Updated: Dec 13, 2022
There's an old story called Flatland about a society that exists in two dimensions. Its inhabitants are polygons and lines, and they move around on one flat plane. They can't perceive three-dimensional objects or worlds like our own. Because their whole world is flat, it's hard for them to even imagine what a three-dimensional world would be like. It sounds like a very strange world, but it's actually very similar to the world I experience.
Okay, that's an exaggeration - I see much more than just polygons and lines. But it's true that for me, the world is essentially flat.
For my whole life, I've seen the world in just two dimensions. I was born with strabismus (crossed-eyes), and although multiple surgeries were able to set my eyes straight, the impact was only cosmetic. My brain never quite figured out how to take the images from each eye and knit them together to build a three-dimensional world. This means I'm stuck in Flatland.
Of course, there are many ways to infer depth with just one viewpoint. We know if an object overlaps another, that means it's in front. If an object becomes larger, we know it is moving closer to us. Other cues of light, shadow, and atmosphere can all indicate depth; that's how we can watch movies or look at paintings and get a sense of it. But to really see in 3D, to have full "stereo vision," as it's called, you need two eyes. By focusing on the same object from two different viewpoints, the brain is able to infer depth and create a three-dimensional world in a way that it can't do with one eye alone.
What this means for me is that I really don't understand 3D. I'm not sure what people mean when they say that objects in 3D movies appear to "pop out." I just don't get it. This also means that I'm terrible at sports. Over time, I can learn to throw and catch objects, especially ones with regular shapes like basketballs or volleyballs, however, irregular objects confound me. Parking is also a nightmare, since it always appears to me as though I am colliding with the cars in my proximity.
However, this minor disability gave me a major advantage in art. In grade school art class, my classmates would often complain about how difficult it was to take something 3D and translate it to a 2D drawing. I couldn't understand what the big deal was, because to me it was one in the same. Wasn't drawing from life just as hard as drawing from a photo, minus the photo's borders?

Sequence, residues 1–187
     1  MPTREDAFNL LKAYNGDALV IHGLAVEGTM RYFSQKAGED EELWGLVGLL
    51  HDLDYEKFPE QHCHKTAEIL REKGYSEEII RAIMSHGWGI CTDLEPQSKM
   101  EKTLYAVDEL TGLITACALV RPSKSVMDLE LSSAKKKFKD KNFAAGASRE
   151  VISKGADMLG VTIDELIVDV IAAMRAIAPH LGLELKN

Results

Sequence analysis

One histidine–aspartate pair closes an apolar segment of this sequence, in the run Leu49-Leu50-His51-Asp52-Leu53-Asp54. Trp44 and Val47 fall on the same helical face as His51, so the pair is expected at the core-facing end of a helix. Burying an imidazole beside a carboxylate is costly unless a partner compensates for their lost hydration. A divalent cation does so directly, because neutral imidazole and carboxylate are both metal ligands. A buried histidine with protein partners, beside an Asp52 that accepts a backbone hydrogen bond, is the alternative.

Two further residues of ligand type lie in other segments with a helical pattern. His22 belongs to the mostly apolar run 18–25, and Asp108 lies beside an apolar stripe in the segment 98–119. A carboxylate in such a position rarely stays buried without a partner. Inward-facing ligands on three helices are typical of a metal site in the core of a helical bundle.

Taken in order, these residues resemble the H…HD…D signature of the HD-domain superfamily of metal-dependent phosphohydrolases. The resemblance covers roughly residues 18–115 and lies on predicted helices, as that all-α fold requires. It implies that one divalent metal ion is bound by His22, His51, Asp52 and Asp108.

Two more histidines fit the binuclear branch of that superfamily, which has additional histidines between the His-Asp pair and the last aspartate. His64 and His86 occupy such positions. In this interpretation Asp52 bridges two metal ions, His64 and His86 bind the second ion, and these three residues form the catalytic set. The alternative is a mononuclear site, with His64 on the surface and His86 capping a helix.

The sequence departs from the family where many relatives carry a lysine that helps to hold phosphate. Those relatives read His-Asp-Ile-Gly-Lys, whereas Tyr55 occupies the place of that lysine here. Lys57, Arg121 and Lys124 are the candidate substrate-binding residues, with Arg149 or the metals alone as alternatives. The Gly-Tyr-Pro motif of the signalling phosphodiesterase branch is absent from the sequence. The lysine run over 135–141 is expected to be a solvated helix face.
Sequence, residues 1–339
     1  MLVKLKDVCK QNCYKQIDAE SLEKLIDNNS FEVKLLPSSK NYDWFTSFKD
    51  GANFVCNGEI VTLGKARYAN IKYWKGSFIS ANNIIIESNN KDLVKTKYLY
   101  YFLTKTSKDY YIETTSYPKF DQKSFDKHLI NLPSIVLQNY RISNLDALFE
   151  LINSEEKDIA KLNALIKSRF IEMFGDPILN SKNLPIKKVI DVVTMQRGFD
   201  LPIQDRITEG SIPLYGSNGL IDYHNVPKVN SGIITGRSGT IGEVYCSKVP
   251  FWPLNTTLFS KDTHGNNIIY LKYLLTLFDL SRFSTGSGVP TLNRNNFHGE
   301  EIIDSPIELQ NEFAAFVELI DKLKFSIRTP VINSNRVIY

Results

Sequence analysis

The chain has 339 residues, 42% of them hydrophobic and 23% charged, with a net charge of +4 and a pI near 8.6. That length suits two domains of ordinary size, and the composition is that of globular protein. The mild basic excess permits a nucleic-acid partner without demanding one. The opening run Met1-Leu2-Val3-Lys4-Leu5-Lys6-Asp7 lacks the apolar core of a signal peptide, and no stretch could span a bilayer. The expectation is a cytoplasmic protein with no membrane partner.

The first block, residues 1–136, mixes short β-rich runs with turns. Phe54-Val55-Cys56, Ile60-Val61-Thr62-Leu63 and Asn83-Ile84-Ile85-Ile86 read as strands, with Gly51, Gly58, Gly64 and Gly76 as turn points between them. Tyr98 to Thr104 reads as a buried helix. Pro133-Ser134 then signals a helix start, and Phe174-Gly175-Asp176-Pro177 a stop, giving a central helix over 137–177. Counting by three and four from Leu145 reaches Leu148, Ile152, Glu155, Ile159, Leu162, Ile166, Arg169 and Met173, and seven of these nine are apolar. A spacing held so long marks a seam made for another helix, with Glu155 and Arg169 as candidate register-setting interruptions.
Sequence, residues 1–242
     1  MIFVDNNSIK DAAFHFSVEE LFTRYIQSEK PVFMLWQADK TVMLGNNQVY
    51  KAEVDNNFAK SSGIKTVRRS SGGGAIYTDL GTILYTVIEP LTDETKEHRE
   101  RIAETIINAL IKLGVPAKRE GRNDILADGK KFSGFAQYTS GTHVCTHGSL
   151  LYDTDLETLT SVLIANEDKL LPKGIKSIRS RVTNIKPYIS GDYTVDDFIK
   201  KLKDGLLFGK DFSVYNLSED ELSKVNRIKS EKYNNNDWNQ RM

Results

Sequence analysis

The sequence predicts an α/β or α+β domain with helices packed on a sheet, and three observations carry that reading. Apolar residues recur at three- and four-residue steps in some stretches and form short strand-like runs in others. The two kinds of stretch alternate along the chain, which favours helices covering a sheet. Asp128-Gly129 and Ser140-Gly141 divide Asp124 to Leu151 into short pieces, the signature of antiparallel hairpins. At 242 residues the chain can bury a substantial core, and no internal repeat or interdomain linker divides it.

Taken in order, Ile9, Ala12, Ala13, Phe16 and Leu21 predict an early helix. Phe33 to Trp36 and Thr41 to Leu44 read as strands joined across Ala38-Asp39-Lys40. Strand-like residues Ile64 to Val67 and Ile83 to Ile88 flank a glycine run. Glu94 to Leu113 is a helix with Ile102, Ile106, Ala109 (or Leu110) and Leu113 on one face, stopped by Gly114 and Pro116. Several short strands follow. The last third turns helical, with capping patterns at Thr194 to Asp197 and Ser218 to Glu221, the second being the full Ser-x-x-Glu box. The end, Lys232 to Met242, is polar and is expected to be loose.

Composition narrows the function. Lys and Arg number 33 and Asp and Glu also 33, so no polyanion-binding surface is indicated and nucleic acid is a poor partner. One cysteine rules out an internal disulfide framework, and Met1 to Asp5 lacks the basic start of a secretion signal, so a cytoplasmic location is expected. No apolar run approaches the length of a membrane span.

Researchers have suggested that being cross-eyed is surprisingly common among artists. Andrew Wyeth, Edward Hopper, Jasper Johns, and Alexander Calder, to name a few, were all known to have misaligned eyes. There is even some evidence that artists like Rembrandt and Da Vinci were cross-eyed as well. These researchers suggest that having a lazy eye gives the artist an advantage, making it easier for these artists to translate the complex three-dimensional world onto a flat page. It's not surprising, then, that as a child I moved away from playing sports and instead gravitated towards drawing and painting.
But what if there was a way to leave Flatland? A few years ago, I learned about vision therapy that claimed to train people like me to see in 3D. The prospect of this is extremely enticing - to add a whole new dimension to one's vision - and it's something that I've thought about often since first hearing about it. These therapies are still being developed and are not without risk (e.g. for some patients, they have led to permanent and debilitating double vision). I wonder, though, if vision therapy was more accessible and less risky, would I do it? I have spent years honing my artist eye, and I love the way I see the world. On the one hand, I want to explore this new frontier, this new way of seeing. On the other hand, I feel like my current way of seeing still has so much to offer. Given the risks, I am waiting for the therapy to become more established before I make a decision, but ultimately, the promise of adding a new dimension to my vision is too good to resist.
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